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What does “full hookup campsite” mean?

What does “full hookup campsite” mean?

A campsite with full hookups is one that provides access to all of the facilities necessary to connect your RV or travel trailer to the campground’s amenities.

These conveniences include a connection for your electrical lines as well as a connection for your water lines. 

Although it is becoming more common for campgrounds to provide full hookups, you may still be able to find a campsite with partial hookups.

These campsites typically include water and electricity but do not include sewage hookups. There are also campgrounds that offer deluxe hookups, which include full hookups in addition to cable television, phone lines, and internet access.

Let’s dive in and learn more about full hookup campsites, including what type of hookups you will need, what to do if there are no hookups, and how long it should take you to connect and disconnect your cables when you set up and leave.

What Does A Full Hookup RV Site Have?

Full hookup RV sites can be found nationwide and come standard with hookups for your RV’s electricity, water, and sewage.

There is usually a communal dump station located within the campgrounds in order to dump your black and gray water tanks. 

Electrical outlets will consist of either a 50-amp service or a 30-amp service, or both of them. In addition, there is typically at least one plug that accepts 110 volts.

Hooking up the electric, black, and gray water lines is simple as long as you are following your RV owner’s manual.

What Kind of Hookups Do You Need for an RV?

In order to fully utilize all of your hookups, you’ll need cables for black water, gray water, and electricity. Black water is anything that comes out of your toilet, and gray water is water that drains from your showers or sinks.

Electricity Hookups

There are three different levels of electrical hookup: 15, 30 and 50 amps. You most likely received the appropriate power cord for your rig when you purchased the RV. However, you are responsible for determining the type of power that is required.

After you have arrived at your destination, all that is required of you is to connect the power cord to the outlet that is located on the pedestal that is provided at your RV campsite.

It is important to remember to turn off the power at the source as well as any electronic devices before plugging them in.

Cable TV Hookups

At a site that provides full hookups, cable television is an accommodation that is not always included. There are some campgrounds that offer long-term stays that will let you hard wire the cable TV into your rig.

The majority are as easy to install as plugging them in. It is possible that you will need to contact the cable company in order to get your service paired up if you are staying for an extended period of time.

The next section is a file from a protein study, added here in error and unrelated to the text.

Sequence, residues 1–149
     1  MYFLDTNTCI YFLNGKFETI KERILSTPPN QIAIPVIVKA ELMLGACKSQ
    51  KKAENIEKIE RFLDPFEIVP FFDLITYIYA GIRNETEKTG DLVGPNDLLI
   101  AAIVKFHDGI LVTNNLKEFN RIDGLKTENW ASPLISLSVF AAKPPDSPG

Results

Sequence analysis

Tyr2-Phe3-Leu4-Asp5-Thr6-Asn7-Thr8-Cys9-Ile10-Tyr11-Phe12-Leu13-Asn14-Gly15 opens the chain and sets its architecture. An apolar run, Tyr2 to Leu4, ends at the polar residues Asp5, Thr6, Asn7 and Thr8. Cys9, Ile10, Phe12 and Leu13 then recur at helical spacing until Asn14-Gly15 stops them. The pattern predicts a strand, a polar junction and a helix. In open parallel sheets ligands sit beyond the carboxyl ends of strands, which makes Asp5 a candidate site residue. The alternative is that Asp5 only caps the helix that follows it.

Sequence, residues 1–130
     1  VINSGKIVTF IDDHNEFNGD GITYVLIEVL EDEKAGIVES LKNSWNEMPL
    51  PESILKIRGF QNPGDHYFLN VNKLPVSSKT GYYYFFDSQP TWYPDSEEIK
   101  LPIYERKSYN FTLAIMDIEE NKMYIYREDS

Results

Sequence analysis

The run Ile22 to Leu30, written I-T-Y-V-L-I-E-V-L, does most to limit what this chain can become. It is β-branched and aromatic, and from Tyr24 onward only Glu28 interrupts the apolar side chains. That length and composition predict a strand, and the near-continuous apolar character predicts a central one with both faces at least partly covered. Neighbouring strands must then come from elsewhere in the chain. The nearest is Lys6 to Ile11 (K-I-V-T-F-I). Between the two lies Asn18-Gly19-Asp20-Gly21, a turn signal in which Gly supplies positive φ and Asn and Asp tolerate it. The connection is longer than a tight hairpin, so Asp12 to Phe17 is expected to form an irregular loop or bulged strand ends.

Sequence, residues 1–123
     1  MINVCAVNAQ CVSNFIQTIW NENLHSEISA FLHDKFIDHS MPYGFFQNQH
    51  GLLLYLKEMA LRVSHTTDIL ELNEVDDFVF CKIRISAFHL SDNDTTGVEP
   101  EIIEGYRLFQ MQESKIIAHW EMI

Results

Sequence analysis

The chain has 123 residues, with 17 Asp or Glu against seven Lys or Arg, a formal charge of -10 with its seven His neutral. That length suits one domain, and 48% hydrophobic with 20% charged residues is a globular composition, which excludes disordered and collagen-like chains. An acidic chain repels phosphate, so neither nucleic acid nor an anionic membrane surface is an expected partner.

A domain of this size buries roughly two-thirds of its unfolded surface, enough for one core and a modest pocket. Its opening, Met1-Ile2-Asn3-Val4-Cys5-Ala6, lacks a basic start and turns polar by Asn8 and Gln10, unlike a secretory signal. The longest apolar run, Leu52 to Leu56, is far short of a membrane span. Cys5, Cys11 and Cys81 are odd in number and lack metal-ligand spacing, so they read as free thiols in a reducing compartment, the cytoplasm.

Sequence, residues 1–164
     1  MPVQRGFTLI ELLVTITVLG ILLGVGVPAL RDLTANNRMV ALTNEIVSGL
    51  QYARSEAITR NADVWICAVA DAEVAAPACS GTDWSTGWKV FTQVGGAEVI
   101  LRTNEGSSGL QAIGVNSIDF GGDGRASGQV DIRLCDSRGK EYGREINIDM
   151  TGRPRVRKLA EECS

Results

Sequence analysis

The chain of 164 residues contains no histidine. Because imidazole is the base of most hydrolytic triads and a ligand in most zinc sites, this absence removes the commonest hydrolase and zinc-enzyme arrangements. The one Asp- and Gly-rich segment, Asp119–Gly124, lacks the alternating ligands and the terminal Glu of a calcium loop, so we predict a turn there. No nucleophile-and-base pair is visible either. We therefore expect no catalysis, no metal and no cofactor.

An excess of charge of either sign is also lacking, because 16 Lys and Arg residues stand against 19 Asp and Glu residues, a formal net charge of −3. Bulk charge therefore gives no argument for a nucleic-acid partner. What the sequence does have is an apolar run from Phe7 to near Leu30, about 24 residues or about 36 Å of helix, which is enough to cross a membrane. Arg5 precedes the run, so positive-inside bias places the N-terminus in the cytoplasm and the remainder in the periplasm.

Water Hookups

At your campsite, you’ll have a water spigot to hookup to your rig. These are usually the same fasteners used as on garden hoses, and the connection is a simple clockwise turn. However, you may want to connect a water filter to your hose to filter the local water. 

Sewer Hookups

The wastewater that collects in your sinks, toilet, and shower eventually makes its way to the sewer. These are placed in the black water tank, which contains waste from the toilet, and the gray water tank, which contains waste from the sinks and shower. 

Under no circumstances should wastewater be dumped on the ground. It is against the law to dump contaminated water on the ground.

It is required to be disposed of in a sewer or septic system. The wastewater contains a variety of pathogens, including bacteria, that can be harmful to humans.

What Is Camping Without Hookups Called?

You may think that camping with an RV requires hookups, but you might be surprised to find that many people camp without any hookups at all!

Dry camping is a catch-all term that can be used to refer to any kind of camping experience in which access to water is limited or nonexistent.

When it comes to RVing, “dry camping” just refers to any campsite or location where hookups are not available.

Many people who have camper vans dry camp a lot because camper vans can go places that bigger rigs can’t. This is one of the biggest advantages of having a smaller camper van. 

How Long Does It Take To Hook Up An RV?

It may take anywhere from ten to sixty minutes, depending on the size of your RV, the amount of equipment that you plan to bring along, and the level of sophistication of the mechanical components of your rig, to completely hook up an RV.

Class A RVs, or motorhomes, are one of the easiest rigs to fully hook up. Just pull into your campsite, set your brakes, and screw on a few hoses, and you’re done.

The slides and levels on most new Class A RV’s are fully automated, so with just a few button presses you can be on your way. 

Travel trailers, toy haulers, and fifth-wheel campers take a little more work to get fully set up. The parking of these campers is the biggest difficulty.

Because they are tow-behind RV’s, parking them takes skills that can only be acquired through time and practice. Like class A RVs, newer travel trailers feature self-leveling systems and other advancements in setting up and taking down. 

Do All Campgrounds Have Full Hook Up Sites?

No! Not every campground that can accommodate RVs has full hook-up sites. Some campgrounds have only partial hookups and other campgrounds do not have any hookups at all.


This is why it is critical to do your research and plan ahead. There is nothing worse than showing up to your campsite, expecting to have a hot shower and food, and there are no hookups. While it wouldn’t be the end of the world, it may put a damper on an otherwise delightful trip.


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